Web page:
Elegance in architecture can be difficult to dissociate from what has become known to the layperson as curb appeal.
One of the most eye-opening – and frustrating moments in my career as an architect occurred during a meeting for a suburban development in New Jersey. My team and I had worked for three weeks on design concept that was infused with ecological ideas, great apartment layouts, and an aesthetic that reflected the intention in a slightly unconventional fashion – and yet the only question we got was, ‘And where is the curb appeal?’
It struck me that even with my 15 years of experience as an architect (mainly on European projects) I had no answer to that question. From my perspective the form and aesthetic of a building comes ultimately from within the concept, spatial configuration, and design intention – and not from an image that is just there to please the drive-by customer.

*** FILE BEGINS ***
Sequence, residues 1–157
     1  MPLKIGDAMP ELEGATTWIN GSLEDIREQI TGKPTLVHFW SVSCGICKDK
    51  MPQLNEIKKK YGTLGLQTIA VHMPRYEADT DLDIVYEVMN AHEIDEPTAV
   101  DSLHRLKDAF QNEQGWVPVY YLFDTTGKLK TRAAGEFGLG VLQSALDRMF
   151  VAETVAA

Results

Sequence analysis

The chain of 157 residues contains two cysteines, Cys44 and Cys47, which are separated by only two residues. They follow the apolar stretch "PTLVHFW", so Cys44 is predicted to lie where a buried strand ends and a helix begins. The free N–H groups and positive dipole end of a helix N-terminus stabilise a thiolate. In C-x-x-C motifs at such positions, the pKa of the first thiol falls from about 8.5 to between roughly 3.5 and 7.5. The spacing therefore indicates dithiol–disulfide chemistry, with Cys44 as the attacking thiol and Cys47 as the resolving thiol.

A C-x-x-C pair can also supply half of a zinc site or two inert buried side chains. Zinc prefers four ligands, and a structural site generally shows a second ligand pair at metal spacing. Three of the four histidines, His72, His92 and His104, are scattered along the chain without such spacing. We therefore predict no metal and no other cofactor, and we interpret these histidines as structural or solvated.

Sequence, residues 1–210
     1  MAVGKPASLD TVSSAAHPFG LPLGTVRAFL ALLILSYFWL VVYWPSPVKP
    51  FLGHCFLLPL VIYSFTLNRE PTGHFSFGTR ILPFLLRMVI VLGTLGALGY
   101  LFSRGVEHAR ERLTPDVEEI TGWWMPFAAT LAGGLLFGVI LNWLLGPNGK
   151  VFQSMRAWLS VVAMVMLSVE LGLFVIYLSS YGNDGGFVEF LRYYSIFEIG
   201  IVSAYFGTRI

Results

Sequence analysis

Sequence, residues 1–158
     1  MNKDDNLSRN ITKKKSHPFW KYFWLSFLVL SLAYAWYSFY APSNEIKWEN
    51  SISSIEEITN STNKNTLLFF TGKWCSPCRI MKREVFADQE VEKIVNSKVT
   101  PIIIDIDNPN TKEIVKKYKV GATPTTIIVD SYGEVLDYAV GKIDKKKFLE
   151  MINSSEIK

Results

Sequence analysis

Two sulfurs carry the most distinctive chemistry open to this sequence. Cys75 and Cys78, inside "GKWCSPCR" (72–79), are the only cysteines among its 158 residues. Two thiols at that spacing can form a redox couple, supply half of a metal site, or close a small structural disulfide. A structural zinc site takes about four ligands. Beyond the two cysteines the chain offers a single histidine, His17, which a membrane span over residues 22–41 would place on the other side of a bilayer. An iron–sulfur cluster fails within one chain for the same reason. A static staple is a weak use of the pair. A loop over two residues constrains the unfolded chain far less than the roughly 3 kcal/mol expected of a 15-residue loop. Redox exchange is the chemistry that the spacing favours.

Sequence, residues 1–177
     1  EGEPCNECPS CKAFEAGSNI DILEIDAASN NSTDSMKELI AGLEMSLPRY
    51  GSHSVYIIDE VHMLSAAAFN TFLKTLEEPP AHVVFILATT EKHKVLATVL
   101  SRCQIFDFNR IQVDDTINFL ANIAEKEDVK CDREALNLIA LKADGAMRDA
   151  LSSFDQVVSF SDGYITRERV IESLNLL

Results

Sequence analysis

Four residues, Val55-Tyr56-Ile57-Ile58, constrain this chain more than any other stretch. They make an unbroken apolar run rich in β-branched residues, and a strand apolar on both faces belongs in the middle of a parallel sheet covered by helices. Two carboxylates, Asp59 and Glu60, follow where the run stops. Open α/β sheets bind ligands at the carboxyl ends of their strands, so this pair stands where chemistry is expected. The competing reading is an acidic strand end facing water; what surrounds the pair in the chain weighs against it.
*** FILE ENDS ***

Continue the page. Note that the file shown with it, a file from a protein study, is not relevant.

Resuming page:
Learning from that experience, my office, HWKN, began exploring the possibility of using the exterior of a project for our architectural intention. Not that we gave into the banality of a sales pitch – but rather we wanted to use the aesthetic and formal potential for our ethical and architectural motivation: ECONIC Design, the idea of turning the form and aesthetic of a building into a signifier of a new, more sustainable lifestyle. The building itself becomes an advertisement for an ecological mindset. This might not create a elegant building, but a building with a purpose – with or without curb appeal.